Making things more difficult, how and when each car’s airbags are programmed to deploy is generally considered a company’s trade secret, and guarded heavily by the company, making it difficult for inspectors or victims who are injured when an airbag does not deploy to investigate what went wrong when it looks like an airbag is defective.
That is not the only way manufacturers make it difficult to investigate air bag cases. Event data recorders are like “black boxes” for cars, recording data about a car’s speed, direction, and how it was being driven at the time of the accident. This data can be crucial to determining how and why an airbag did not deploy.
This is a feature on newer car models. Many older models do not have recorders,at least, not ones that the consumer can access. In fact, many older models have recorders that are not advertised or even known about to the general public, but which can be accessed only by the manufacturer. Often, an investigator or attorney will need to compel a car manufacturer to obtain and interpret this information.
Consumer Awareness is Key
One of the biggest safety concerns when it comes to vehicle recalls may be us—the cars’ owners. According to one report, about 25% of all vehicles that have been recalled have not been fixed. People just are not diligent about fixing recalls, even though they are done at no cost to the consumer.
In fairness, recalls are not just issued for defects that cause safety problems. Defective radios or air conditioners can also be recalled, and it may be easy to just ignore a recall notice or dismiss it as not having to do with a major safety concern.
Remember that old cars can have recalls also; in many cases, defects are found in older model cars.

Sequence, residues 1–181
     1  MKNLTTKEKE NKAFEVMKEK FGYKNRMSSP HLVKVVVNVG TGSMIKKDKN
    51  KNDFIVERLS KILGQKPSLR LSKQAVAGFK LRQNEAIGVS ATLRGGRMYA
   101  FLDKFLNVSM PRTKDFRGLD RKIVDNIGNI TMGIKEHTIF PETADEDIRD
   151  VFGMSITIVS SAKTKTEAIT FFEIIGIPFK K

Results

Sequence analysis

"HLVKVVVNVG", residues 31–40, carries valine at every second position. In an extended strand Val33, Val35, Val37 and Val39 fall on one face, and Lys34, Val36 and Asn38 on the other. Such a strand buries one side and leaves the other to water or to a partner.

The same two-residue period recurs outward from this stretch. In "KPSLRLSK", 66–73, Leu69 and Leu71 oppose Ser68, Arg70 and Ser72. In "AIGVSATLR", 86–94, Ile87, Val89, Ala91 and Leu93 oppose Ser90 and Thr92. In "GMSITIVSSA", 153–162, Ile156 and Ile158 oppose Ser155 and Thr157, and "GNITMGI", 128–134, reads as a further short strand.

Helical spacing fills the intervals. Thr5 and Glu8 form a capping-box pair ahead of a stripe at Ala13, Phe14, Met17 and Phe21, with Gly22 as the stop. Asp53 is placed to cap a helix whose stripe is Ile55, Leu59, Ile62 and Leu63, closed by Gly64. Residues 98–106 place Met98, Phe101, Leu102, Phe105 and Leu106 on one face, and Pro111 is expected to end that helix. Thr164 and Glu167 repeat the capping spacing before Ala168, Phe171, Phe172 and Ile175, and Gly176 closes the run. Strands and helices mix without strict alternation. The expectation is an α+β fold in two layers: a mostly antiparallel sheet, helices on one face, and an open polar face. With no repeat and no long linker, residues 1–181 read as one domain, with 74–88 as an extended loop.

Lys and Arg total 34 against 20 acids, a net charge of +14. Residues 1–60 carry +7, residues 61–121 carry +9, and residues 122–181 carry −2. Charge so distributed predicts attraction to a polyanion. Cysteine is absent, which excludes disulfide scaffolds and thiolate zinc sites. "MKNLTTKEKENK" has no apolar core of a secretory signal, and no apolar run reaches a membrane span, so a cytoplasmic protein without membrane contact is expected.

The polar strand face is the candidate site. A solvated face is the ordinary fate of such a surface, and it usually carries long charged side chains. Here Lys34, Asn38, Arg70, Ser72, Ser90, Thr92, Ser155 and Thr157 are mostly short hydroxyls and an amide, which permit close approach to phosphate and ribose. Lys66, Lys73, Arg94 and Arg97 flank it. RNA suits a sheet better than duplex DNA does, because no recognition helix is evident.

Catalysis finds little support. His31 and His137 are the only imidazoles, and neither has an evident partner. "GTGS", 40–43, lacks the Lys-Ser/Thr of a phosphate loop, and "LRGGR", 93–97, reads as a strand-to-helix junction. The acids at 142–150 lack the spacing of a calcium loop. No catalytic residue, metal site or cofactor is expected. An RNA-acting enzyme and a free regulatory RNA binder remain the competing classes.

When a car has a recall, you will be notified by mail, but you can sign up at https://www-odi.nhtsa.dot.gov/nhtsa/subscriptions for emailed notifications. The NHTSA also maintains a database, so if you can not remember whether you have seen a recall notice in the mail, you can check your car’s VIN for one here: https://www-odi.nhtsa.dot.gov/owners/SearchSafetyIssues.
Recalls in Product Liability Trials
Recalls are not always admissible in court, and they are definitely not absolute proof of a defective product, although sometimes the data surrounding recall investigations can be helpful.
In some cases, evidence that a consumer received a recall notice, knew of the dangers, and failed to do anything about it could be used to lessen a manufacturer’s liability, if the accident occurred after a recall notice was issued.
Lastly, remember that a manufacturer does not have to have had a product be recalled to be liable for product liability. In fact, there are just as many product liability cases involving products that never see a recall than for those that do.
If you are injured in a car accident there may be many causes, and a defective product may be just one of those causes. Contact Brill & Rinaldi today about a free consultation if you are injured by a malfunctioning or defective product.